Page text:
Bruce DelMonico weighs in on two issues that may be on the minds of potential applicants during this unprecedented time.
What happened to the summer? We’re now roughly a month away from our Round 1 application deadline and just a week away from welcoming our incoming first-year students at orientation.
I don’t think you need to hear another rundown of the unprecedented challenges this current moment has caused, but undoubtedly these interruptions are a common thread with which all applicants are dealing as they prepare for their MBA.
In the face of these challenges, one question I hear often from MBA aspirants is simply: “Is now a good time to apply to an MBA program?” This question takes on different meaning depending on the context. For some, it can be a question about the upcoming application season—will there be any seats left to fill given the deferrals from this past year and the widely speculated spike in applications? For others, it can be about the broader value of the MBA—is it worth pursuing right now given the current economic and health climates?
To the first question, I will say plainly that I have been working in admissions long enough to know what I don’t know. Many people are predicting that this year will see a large increase in applications, but that is far from a certainty in my mind, and even if an increase does happen, it will be coming on the heels of several years of application declines. Moreover, we have not seen such an increase in deferrals this year —our incoming students here at Yale have been wonderful about doing everything they can to make it here to New Haven for the start of school—that I envision them having a material effect on our admissions process this upcoming year. Given these points, I am not expecting this upcoming year to be any more competitive than the past several application seasons. It is certainly not the case that our seats will be filled with deferrals from this past year, and it is also not the case that fear of what might happen with application volume should prevent you from applying this year.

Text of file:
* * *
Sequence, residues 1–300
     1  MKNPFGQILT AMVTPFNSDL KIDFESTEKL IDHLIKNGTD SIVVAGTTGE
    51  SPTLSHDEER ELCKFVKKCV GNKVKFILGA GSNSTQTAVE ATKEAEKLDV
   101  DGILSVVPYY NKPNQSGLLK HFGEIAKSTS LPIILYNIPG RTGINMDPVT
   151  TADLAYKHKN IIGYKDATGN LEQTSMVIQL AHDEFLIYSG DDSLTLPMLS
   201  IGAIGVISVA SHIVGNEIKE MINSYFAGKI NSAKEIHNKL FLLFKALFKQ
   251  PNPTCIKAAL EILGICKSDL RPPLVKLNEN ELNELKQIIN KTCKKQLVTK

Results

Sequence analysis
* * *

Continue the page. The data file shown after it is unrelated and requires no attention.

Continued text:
The second nuance of the question focuses on the quality of the MBA experience and the career prospects that await students who graduate into the pandemic economy. As schools plan for the coming academic year and try to figure out how to balance pedagogic rigor with public safety, potential students undoubtedly are wondering if the experience they will receive is worth the investment. This question is surely compounded by the recent news of some schools switching their mode of study from in-person or hybrid to online, which invariably has added a level of uncertainty to the equation. To be sure, this upcoming academic year will be a highly unusual one that has required careful planning and preparation, and at least early on it will look different than it did in past years. But Yale remains committed to providing the highest quality educational experience to its students; I have personally witnessed the tremendous dedication and thoughtfulness of the faculty and staff to deliver on that commitment. In addition, not only do our immediate career outcomes remain robust, but the long-term value of a Yale MBA also remains intact. Overall, these factors speak to the value of pursuing an MBA now if that timing fits with your long-term career plans.
This fall may look different than last fall, but the fundamental value of an MBA has not changed. And, despite rumors to the contrary, there is room in the Class of 2023!
Assistant Dean for Admissions
Yale School of Management
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